The rare Tibetan antelopes, or chiru, that live on the Qinghai-Tibet plateau have adapted well to the high-speed trains that occasionally fly by above them, a zoologist has said.
"The heavy use of the underpasses shows the animals' migration habits have not been disturbed by the railway," Yang Qisen, who has been responsible for monitoring the railway's impact on wildlife since it opened five years ago, told China Daily.
A report produced by Yang and his team was published last month in the science journal Nature.
Yang, who is a researcher with the Institute of Zoology under the Chinese Academy of Sciences, said a subgroup of 3,000 chiru live mostly in eastern Qinghai province. However, every June, pregnant females and young members of the herd migrate to the Kekexili region of western Qinghai and northeastern Tibet to give birth.
The animals make their return journey in August, which means they pass under the railway twice a year, he said.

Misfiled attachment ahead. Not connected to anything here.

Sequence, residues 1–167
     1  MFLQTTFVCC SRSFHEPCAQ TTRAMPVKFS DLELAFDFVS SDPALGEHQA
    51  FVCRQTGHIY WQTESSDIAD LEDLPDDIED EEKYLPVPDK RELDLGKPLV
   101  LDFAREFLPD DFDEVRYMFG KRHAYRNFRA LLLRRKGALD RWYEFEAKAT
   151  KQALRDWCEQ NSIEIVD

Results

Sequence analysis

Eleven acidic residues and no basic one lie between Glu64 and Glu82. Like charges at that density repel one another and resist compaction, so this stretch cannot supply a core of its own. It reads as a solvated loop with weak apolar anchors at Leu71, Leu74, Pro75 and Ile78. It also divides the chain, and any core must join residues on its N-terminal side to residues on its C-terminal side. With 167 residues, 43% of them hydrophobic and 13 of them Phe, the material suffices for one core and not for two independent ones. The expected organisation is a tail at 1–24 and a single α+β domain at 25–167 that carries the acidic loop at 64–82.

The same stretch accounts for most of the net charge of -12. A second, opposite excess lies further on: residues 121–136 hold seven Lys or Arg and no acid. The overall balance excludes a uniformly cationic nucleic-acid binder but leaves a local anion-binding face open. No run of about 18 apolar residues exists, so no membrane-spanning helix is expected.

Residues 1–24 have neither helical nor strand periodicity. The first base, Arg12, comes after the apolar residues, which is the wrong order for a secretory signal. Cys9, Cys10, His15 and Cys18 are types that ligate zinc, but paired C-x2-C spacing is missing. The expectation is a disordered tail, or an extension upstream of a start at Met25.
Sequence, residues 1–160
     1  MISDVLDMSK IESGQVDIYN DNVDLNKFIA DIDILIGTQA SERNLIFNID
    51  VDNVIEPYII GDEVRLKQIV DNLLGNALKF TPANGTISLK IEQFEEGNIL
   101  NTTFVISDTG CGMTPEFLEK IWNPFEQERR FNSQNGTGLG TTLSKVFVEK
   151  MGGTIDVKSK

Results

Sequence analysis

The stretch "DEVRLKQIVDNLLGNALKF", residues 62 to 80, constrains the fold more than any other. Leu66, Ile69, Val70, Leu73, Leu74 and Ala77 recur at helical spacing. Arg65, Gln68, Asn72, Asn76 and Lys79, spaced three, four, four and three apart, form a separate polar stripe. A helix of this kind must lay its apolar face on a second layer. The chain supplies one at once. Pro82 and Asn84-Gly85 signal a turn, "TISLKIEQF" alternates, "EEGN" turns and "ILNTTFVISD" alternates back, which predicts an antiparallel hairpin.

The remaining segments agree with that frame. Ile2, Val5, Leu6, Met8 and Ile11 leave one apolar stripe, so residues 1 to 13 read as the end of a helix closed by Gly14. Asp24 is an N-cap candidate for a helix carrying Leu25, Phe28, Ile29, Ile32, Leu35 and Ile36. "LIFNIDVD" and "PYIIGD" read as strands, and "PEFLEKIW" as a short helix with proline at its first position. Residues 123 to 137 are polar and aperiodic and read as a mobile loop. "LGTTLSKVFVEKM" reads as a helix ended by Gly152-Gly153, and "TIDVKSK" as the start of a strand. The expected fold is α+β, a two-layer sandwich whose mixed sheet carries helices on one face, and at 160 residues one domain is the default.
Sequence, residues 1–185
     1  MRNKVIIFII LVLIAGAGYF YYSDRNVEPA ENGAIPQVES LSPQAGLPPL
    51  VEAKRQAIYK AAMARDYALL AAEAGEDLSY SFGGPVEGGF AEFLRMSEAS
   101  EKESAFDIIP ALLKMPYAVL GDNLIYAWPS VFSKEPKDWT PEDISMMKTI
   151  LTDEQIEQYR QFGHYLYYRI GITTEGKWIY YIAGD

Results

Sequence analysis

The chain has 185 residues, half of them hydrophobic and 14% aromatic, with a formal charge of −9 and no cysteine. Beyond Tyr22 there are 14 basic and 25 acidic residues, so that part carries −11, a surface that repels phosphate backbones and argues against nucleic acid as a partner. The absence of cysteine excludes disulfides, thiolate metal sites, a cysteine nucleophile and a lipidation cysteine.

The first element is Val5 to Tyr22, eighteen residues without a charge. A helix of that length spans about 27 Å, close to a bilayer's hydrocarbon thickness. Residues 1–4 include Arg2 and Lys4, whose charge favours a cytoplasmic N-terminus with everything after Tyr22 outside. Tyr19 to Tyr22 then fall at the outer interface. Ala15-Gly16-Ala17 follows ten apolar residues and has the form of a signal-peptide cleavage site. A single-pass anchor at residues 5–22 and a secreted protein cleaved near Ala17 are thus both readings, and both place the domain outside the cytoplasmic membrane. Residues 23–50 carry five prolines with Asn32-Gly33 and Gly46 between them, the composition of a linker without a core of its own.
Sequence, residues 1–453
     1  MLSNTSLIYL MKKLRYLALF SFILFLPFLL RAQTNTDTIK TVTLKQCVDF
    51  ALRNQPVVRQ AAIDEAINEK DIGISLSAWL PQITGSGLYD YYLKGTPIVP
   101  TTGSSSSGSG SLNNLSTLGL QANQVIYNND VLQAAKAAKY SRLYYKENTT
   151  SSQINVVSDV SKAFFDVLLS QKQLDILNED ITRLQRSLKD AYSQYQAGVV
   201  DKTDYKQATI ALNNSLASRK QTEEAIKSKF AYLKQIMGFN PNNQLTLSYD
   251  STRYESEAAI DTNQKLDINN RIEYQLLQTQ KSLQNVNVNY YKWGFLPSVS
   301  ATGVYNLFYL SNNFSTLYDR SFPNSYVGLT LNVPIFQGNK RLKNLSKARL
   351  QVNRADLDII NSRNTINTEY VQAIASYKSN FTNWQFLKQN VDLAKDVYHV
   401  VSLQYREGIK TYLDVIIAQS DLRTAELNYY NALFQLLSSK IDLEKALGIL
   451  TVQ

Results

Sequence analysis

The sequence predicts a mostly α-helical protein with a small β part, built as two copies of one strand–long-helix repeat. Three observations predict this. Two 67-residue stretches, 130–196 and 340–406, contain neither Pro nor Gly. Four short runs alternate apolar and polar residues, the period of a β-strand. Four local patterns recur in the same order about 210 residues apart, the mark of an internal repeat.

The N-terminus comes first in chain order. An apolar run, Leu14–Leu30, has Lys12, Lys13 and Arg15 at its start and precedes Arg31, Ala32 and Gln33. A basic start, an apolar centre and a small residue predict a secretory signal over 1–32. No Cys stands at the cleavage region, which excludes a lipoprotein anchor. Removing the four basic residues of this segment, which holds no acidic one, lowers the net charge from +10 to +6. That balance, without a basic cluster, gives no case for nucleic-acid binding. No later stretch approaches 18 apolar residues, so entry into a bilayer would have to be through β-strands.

For the past five years, between June and September, Yang and his team have patrolled the railway to monitor the impact it has had on local wildlife. They have paid close attention to the migration patterns of the chiru.
In 2004, 96 percent of the migrating antelopes were seen using the underpasses. After 2005, the figure rose to 98 percent, Yang said.
Xia Lin, who co-authored the Nature report said: "The antelope certainly seem to have adapted to the railway."
But conclusions should not be drawn overnight and the situation still requires monitoring, she said.
"We can't say the railway has had no impact on the environment, but it does seem to be small," she said.
The situation was different, however, during the construction of the railway, Yang said.
In 2003, the year building work began, 75 percent of the antelopes did not migrate. They stopped close to the construction sites in eastern Qinghai and gave birth there, he said.
Prior to the construction of the railway, Yang and his team conducted an environmental impact assessment and also designed the first underpass.
(China Daily May 8, 2008)